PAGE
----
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Tuesday, Oct. 6, 2009

JGI Area Safety Leaders Can Reduce Ergo Injuries

JGI safetyWhen the Production Genomics Facility at the Joint Genome Institute (JGI) was struck by its 13th ergonomic injury in 2008, management knew it was time to stop work. After getting feedback from JGI employees, they determined that their ergonomic problems were due to being “reactive and not proactive in their approach to safety,” says Vito Mangiardi, JGI Deputy Director of Business Operations, Production, and Informatics.

They also learned that a number of employees felt disconnected from management. To facilitate communication between management and staff, the JGI launched a campaign designed to cultivate a proactive safety culture that would be part of employees’ day-to-day activities. As part of the new program, the JGI chose 33 staff across the facility to be Area Safety Leaders (ASLs). The ASLs, who focus mainly on laboratory safety, work closely with the JGI Safety Team, consisting of Mangiardi, JGI Safety Coordinator Stephen Franaszek (right) and Assistant Safety Coordinator Cheryl Chu (center), and the JGI Safety Culture Group to liaise between line management and staff. ASLs were charged with observing the daily ergonomic habits of the 250 employees scattered across the 80,000 square foot JGI campus. They met regularly with management to discuss lab safety issues.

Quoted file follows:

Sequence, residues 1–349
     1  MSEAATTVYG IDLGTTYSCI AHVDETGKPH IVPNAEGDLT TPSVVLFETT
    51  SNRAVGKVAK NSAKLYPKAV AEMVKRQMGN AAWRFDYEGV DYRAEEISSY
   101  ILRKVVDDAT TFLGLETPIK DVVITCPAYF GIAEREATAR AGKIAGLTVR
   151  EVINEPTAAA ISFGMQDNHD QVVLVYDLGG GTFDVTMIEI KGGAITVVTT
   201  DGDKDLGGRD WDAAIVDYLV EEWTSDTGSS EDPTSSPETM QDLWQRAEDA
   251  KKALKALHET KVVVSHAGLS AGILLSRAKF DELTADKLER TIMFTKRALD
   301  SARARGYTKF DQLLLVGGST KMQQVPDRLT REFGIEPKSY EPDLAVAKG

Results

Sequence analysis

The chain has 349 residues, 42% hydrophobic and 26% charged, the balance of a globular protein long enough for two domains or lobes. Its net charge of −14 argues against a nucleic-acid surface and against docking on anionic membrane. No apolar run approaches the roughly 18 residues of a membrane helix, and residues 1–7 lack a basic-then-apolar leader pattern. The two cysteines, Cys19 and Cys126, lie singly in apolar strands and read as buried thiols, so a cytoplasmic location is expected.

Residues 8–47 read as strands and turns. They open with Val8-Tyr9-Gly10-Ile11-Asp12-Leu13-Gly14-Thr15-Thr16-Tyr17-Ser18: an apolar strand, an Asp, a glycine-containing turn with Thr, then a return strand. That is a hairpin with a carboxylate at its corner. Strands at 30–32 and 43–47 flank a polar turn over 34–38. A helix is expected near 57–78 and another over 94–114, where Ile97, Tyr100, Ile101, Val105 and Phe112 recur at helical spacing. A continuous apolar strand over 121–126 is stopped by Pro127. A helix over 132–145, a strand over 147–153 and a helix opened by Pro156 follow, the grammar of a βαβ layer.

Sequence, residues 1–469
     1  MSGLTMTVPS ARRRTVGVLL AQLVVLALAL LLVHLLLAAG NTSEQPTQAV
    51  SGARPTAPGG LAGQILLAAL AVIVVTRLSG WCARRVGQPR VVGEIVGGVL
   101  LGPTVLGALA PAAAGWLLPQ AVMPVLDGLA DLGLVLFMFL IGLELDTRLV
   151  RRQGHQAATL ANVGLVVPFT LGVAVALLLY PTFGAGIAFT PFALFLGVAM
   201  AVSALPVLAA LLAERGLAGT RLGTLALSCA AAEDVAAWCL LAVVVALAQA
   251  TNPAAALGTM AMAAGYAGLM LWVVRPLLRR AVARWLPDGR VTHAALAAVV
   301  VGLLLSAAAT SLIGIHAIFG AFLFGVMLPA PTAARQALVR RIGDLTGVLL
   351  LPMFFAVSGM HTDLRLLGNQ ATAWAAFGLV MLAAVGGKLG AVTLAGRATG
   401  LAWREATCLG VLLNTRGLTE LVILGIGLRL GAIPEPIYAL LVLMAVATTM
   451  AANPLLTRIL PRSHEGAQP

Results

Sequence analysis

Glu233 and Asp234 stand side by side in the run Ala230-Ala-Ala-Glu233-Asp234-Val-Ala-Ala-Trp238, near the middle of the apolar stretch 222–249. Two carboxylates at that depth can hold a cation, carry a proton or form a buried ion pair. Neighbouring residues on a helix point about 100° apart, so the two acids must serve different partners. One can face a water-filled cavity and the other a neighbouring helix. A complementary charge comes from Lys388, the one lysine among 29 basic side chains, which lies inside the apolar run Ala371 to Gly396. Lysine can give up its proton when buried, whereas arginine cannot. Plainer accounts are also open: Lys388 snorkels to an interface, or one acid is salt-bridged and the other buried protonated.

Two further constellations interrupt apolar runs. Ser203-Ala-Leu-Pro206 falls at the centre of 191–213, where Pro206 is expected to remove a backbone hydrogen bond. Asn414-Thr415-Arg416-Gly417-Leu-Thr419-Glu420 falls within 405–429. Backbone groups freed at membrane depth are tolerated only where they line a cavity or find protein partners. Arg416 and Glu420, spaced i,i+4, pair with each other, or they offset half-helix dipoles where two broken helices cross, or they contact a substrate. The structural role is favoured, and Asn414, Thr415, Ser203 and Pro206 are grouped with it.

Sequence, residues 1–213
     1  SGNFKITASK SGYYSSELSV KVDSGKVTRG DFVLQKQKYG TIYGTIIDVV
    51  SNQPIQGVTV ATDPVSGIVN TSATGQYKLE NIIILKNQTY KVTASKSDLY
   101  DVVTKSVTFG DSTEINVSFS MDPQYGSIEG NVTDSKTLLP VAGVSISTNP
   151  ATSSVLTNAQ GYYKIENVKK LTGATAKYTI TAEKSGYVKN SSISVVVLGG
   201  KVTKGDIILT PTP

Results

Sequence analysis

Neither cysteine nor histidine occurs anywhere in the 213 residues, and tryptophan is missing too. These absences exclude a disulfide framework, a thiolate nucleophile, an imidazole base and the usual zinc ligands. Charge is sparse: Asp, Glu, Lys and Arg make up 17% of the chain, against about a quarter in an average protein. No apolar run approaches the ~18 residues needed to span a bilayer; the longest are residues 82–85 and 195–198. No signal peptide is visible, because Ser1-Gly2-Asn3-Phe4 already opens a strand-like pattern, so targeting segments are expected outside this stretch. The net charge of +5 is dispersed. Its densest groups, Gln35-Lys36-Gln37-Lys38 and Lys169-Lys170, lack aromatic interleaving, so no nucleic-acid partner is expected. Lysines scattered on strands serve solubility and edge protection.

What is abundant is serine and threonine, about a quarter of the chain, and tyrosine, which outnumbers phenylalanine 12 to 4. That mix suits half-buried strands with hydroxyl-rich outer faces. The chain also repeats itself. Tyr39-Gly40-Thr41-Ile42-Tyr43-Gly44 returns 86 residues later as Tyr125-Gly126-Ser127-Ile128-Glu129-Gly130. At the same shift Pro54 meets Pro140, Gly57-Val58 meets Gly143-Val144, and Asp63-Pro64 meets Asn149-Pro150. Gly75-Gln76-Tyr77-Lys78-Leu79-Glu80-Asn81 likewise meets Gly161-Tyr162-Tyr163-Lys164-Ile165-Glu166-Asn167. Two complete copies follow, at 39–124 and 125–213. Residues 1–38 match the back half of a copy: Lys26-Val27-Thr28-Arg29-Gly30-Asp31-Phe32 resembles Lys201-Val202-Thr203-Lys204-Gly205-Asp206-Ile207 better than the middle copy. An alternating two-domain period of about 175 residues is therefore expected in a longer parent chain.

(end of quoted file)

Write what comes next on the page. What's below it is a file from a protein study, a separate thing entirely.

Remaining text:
Because most of the JGI’s injuries have resulted from poor production-line ergonomics, ASLs work closely with an ergonomist to make sure employees follow required ergonomic practices such as keeping their postures neutral and limiting repetitive wrist, hand and arm motions. Together, they also monitor employees’ ergonomic performance through Ergo Points, an assessment tool that works much like Weight Watchers’ points calculator by tracking whether a worker has exceeded his or her daily quota for a repetitive motion such as plating or pipetting. If they find that an employee’s workday consisted only of plating for eight hours straight, for example, an ASL and ergonomist would contact him or her immediately about diversifying his or her tasks and taking ergonomic breaks.

Nearly a year later, the ASLs’ collaboration with the JGI Safety Team, Safety Culture Group and ergonomist has resulted in just two ergonomic injuries in fiscal year 2009, a nearly 80-percent reduction from 2008. Mangiardi attributes the reduced number of injuries to the cooperation of JGI staff: “At the JGI, everyone wants to help, and the staff is extremely receptive to creating an effective safety environment.”

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